Over the hill – Part Two

Adam stopped and sat down on a boulder next to the path. He drank deeply from his water bottle. Over to his right, he thought he could see his son, Ben. Yes, his son was scaling a rock face, ropes tied to his waist and his partner guiding him from above. No, hold on, who was that? He recognized himself on the ledge above, recollected the exhilaration of watching Ben make his way up. The day was one of sun-drenched perfection, wasn’t it? Yes, there they were enjoying the view out towards the mountains.

Adam placed his hand over his eyes and peered down towards the ocean, far far away. It seemed to undulate like a vast blue blanket buffetted by the breeze. He started walking and walked all afternoon. However, when he took a rest, he discovered he was no closer to his destination. The last scene he remembered was from yesterday. He’d helped a couple move into their new house. A whole crowd from church had been there, carrying wardrobes and tables and beds. All working together in a shared act of love.

And then it struck Adam. There would be no more scenes from his life because he had yet to live them. Before coming over the hill, he knew about the ocean, but thought little about it. Now he felt himself drawn towards the vast expanse that lay ahead. Not because he was eager to die, but because he had come to understand the value of every step of the journey. And because he felt deeply inside the truth that those steps were finite. One day, they would end. Which meant that each one was priceless, gifts held out to him by a loving Father. And yet when he contemplated the ocean far far away, he felt no fear. Only gratitude. And as he walked, he began to hum one of his favourite songs,

Teach us to count the days
Teach us to make the days count
Lead us in better ways
That somehow our souls forgot
Life means so much.

Over the hill – Part One

I wrote this for a sermon I preached on 1 Corinthians 15. Death and Resurrection very much on my mind right now.

This is Part One.

OVER THE HILL

Adam was walking steadily uphill, the day bright, the breeze rustling the grasses which lined the path. As he passed a field on his right, he stopped short. Not far off, near a school building, a game of football was taking place. He watched as the boys flowed back and forth up and down the pitch. The strip one of the teams was wearing seemed familiar. And then it dawned on him that he was watching his team from when he was 12 years old. Yes, there he was, dancing round a fullback and sending a shot just past the post. And then in an instant, the players, the goals, the supporters who stood on the touchlines . . . they were all gone.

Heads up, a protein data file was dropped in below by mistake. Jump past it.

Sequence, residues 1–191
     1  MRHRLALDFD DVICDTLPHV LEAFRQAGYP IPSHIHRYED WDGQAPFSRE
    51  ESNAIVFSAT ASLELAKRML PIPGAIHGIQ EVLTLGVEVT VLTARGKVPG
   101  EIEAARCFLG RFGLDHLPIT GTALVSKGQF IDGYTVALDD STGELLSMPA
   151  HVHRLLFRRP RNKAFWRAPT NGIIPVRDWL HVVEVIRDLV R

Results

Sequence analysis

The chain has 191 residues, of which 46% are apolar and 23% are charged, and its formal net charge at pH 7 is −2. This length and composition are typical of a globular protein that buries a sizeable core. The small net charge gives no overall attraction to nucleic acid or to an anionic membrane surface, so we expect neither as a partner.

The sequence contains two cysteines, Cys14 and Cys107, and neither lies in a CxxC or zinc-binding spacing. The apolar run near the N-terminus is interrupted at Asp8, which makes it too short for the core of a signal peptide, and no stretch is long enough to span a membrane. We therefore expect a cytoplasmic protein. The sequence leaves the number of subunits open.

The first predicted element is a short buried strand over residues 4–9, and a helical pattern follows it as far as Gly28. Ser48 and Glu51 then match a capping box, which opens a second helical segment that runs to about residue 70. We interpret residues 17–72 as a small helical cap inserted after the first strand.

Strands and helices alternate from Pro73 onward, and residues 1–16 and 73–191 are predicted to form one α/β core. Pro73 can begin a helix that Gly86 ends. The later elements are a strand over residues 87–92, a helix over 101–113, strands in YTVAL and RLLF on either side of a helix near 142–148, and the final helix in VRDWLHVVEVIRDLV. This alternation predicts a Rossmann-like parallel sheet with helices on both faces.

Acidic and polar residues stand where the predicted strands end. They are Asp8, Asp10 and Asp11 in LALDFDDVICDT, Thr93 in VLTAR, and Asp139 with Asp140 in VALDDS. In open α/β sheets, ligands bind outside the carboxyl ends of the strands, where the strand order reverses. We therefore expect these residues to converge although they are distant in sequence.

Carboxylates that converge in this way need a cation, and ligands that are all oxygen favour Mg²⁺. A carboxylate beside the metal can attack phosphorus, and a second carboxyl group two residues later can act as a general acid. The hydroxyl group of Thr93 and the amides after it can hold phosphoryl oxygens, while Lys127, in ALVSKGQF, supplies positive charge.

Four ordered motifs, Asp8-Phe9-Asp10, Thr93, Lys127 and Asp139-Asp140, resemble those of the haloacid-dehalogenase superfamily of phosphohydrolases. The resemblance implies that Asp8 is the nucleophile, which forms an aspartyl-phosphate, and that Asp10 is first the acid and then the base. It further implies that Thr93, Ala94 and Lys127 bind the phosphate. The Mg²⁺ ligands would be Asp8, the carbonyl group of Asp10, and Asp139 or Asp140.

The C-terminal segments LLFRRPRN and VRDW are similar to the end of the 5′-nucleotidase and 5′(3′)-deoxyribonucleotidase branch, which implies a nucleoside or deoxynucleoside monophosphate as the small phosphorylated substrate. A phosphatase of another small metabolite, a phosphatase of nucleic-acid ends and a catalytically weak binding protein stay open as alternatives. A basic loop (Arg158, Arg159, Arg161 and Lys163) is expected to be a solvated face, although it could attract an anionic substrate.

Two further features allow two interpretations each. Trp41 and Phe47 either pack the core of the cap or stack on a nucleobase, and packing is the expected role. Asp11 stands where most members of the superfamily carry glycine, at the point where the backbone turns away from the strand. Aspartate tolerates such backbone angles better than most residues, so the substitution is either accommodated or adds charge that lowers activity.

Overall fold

Adam continued on his way and came upon a busy street full of people. The scene was immediately familiar to him – yes, there was the watch shop where he’d taken his first job. Mr. Judd, the owner, hair wild and disheveled, crouched over the counter, peering down at several timepieces, a monocle squeezed into one eye. Adam moved on, but as he walked, his surroundings began to take on the appearance of a pencil drawing. Slowly, they faded away. He rubbed his eyes and was heartened to discover that the world was still there.

He found himself in a park, where families strolled and fed the ducks. The sun was setting and off in the far corner, he noticed a couple sitting together. His heart warmed as he watched the woman. She was so beautiful back then. The man knelt down and pulled a small box out of his pocket. Adam could hardly bear to watch. He could see beads of sweat forming on the young man’s forehead and when the woman peered down at the open box, she immediately tilted back and howled with laughter. In his rush, he’d left the ring at home and his belovéd, Jane, couldn’t hide her amusement, much to his embarrassment. It was a long time ago, but the memory still stung a little inside.

And so Adam walked, the gradient becoming steeper as he progressed further uphill. His first job, his promotion, his holidays, first house, the time when he’d come home distraught at being fired, he watched each scene and his heart and mind, well, he remembered it all as though it was yesterday.

And then he reached the top of the hill. When he looked back, he remembered well the many things for which he was grateful and all those things which had hurt and wounded him. His life was a mixture of joy and sadness, pain and exhilaration.

Adam knelt and gave thanks for it all. From the top of the hill.

And then he began the descent down the other side. Ahead of him the land was covered in a thin grey mist. He couldn’t see what lay ahead at all. Yet all of a sudden the mist cleared and before him in the far, far distance, an ocean stretched out all the way to the horizon. As he came down the path and strained to see, he made out two people, one his great-aunt, Doris, the other her best friend, Ethel, whom he’d come to know in the care home where she and Doris both lived.

He pulled out some binoculars. Yes, there they were, walking along a cliff arm in arm. Adam had to strain to see them but it wasn’t hard to work out what happened next. One moment they were there, the next they had disappeared over the edge. And then the scene became clearer. Dozens and dozens of elderly people reached the cliff and were taken from sight. On occasion, Adam saw young men and women running down the slope and throwing themselves over the cliff. Such a sight filled him with great sorrow, for such things should never happen.